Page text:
Vampire Baby
  • Vampire Baby
  • Vampire Baby

Vampire Baby

4.7 4
by Kelly Bennett, Paul Meisel
     
 

When Tootie gets her first teeth, it’s clear to her big brother that she’s no ordinary baby. But how to convince Mom and Dad?

It happens overnight: little sister Tootie goes from cuddly, ga-ga-googoo, I-want-my-ba-ba baby...vampire baby. Now she’s sinking her pointy fangs into everything — furniture, toys, and especially her big

See more details below

  • Checkmark Kids' Club Eligible  Shop Now

Overview

When Tootie gets her first teeth, it’s clear to her big brother that she’s no ordinary baby. But how to convince Mom and Dad?

It happens overnight: little sister Tootie goes from cuddly, ga-ga-googoo, I-want-my-ba-ba baby...vampire baby. Now she’s sinking her pointy fangs into everything — furniture, toys, and especially her big brother ("Youch, Tootie! No bite!" ). Mom insists that it’s just a phase, but Tootie’s brother knows better. Just look at her hairline! Or the fact that all her favorite foods are bloodred! With perfect comic timing, Kelly Bennett and Paul Meisel give a fresh slant to the new-baby story, proving that even monstrous little arrivals have a funny way of staking their siblings’ affections.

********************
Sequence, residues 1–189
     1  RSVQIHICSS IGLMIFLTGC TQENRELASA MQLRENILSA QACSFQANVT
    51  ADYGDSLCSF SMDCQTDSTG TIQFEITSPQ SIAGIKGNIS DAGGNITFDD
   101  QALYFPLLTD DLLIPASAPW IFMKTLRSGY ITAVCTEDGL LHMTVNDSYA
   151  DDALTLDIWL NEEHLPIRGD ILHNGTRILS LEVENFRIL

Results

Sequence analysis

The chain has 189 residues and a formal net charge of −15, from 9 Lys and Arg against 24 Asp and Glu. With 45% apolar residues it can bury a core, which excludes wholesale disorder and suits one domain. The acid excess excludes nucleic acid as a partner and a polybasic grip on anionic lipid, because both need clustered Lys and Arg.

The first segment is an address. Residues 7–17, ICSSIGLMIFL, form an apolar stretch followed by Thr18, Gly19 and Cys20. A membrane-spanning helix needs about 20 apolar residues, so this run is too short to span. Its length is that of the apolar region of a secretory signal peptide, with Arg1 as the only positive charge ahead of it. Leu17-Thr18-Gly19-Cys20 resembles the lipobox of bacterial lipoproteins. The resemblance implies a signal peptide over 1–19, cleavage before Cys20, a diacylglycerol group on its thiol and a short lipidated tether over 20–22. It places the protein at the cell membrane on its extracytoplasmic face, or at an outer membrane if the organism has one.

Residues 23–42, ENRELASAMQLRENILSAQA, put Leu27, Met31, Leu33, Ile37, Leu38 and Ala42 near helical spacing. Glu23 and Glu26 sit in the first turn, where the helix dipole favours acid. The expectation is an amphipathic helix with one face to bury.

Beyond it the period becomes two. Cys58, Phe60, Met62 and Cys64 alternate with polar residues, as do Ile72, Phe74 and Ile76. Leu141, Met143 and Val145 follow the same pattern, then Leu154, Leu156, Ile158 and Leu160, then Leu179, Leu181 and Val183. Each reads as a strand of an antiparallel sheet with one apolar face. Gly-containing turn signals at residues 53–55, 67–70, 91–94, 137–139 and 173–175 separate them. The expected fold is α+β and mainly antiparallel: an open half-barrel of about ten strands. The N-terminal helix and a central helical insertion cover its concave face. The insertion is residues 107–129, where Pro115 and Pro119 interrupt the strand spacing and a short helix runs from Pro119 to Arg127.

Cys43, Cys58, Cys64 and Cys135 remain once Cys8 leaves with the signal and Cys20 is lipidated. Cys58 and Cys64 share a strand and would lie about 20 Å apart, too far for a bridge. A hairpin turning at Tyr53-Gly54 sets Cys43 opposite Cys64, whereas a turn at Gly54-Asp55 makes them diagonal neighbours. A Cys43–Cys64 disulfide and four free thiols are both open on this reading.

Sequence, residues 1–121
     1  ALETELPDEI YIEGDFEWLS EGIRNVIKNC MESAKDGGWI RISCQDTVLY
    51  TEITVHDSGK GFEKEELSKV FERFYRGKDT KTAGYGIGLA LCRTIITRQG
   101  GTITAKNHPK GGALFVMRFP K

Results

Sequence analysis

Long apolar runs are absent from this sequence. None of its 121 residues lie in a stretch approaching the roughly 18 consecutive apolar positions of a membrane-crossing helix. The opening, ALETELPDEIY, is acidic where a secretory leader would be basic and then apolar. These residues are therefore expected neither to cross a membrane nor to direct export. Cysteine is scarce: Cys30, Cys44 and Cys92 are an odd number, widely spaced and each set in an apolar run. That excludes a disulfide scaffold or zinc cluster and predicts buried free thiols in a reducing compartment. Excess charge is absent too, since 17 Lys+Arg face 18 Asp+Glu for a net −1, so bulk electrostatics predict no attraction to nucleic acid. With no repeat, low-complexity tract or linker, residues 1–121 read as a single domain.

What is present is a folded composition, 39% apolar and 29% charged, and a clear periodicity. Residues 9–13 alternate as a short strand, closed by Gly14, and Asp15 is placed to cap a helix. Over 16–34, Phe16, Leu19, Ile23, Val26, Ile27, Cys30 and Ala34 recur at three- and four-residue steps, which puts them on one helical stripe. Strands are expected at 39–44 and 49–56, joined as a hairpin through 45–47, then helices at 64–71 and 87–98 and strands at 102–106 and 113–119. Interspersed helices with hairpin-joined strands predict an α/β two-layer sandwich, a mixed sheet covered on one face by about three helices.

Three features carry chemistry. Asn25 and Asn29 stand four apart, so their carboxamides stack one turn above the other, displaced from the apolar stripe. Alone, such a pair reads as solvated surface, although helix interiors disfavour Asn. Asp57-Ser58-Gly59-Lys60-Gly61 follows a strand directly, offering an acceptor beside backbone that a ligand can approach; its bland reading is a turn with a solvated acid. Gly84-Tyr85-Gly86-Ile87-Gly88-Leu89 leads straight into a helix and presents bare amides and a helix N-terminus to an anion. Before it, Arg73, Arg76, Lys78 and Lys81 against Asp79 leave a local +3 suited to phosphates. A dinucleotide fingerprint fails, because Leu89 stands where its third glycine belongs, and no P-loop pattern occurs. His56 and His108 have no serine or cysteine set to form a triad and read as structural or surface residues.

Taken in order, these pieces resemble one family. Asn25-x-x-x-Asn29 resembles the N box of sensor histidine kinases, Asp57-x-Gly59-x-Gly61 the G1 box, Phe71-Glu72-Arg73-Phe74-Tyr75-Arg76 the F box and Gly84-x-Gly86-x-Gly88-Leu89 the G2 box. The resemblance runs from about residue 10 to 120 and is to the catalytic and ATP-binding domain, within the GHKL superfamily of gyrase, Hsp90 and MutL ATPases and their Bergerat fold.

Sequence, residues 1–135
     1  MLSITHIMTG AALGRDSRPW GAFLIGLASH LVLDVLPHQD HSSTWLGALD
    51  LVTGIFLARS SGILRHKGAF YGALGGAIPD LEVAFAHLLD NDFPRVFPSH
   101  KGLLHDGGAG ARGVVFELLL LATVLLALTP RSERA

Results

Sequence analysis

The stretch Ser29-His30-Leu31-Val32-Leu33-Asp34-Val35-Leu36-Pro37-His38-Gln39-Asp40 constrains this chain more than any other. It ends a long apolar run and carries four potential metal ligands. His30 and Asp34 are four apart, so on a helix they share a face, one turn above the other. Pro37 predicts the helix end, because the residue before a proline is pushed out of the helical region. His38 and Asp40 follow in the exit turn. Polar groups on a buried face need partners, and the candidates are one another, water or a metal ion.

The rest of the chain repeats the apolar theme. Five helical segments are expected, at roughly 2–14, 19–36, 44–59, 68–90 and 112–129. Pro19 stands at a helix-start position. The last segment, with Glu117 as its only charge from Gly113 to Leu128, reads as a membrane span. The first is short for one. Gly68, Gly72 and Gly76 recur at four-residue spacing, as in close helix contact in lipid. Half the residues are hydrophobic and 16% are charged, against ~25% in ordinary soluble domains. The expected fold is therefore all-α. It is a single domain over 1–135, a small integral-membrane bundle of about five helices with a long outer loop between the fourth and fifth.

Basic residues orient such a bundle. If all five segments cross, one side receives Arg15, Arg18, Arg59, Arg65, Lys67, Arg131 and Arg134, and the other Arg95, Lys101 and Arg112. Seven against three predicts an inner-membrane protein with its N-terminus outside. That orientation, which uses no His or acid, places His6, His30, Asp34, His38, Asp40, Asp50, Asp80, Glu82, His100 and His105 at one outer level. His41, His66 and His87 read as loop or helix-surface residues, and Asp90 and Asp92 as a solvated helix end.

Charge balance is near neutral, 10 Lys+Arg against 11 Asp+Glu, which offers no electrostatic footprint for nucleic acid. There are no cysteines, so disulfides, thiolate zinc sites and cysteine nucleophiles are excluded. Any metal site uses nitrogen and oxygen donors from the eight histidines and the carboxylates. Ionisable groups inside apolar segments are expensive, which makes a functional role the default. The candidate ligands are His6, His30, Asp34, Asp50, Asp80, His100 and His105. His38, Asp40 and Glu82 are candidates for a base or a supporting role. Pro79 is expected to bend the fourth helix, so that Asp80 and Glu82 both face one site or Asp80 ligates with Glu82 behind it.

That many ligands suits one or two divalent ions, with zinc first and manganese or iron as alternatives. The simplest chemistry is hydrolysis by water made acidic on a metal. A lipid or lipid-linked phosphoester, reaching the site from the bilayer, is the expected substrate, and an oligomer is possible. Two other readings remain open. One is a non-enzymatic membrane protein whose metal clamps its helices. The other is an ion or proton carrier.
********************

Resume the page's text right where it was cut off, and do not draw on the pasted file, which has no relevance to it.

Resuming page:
Editorial Reviews

Publishers Weekly
Bennett’s young narrator loves his younger sister, Tootie—until she grows a pair of fangs. After that, he’s shouting, “Youch, Tootie! No bite!” on a regular basis. His parents refuse to believe they’ve sired a vampire (“She’s hungry,” Mom says, explaining why Tootie won’t sleep at night. “And take off that garlic necklace!”), but after the boy tries to foist Tootie off on an actual vampire family, he discovers that he’s more protective than he realized. Meisel gives Tootie a pair of sharp-looking fangs, playing up her brother’s anxieties, while never quite answering the question, “Is she or isn’t she?” Ages 4–8. Author’s agent: Erin Murphy, Erin Murphy Literary Agency. Illustrator’s agent: Jennifer Mattson, Andrea Brown Literary Agency. (July)
Children's Literature - Claudia Mills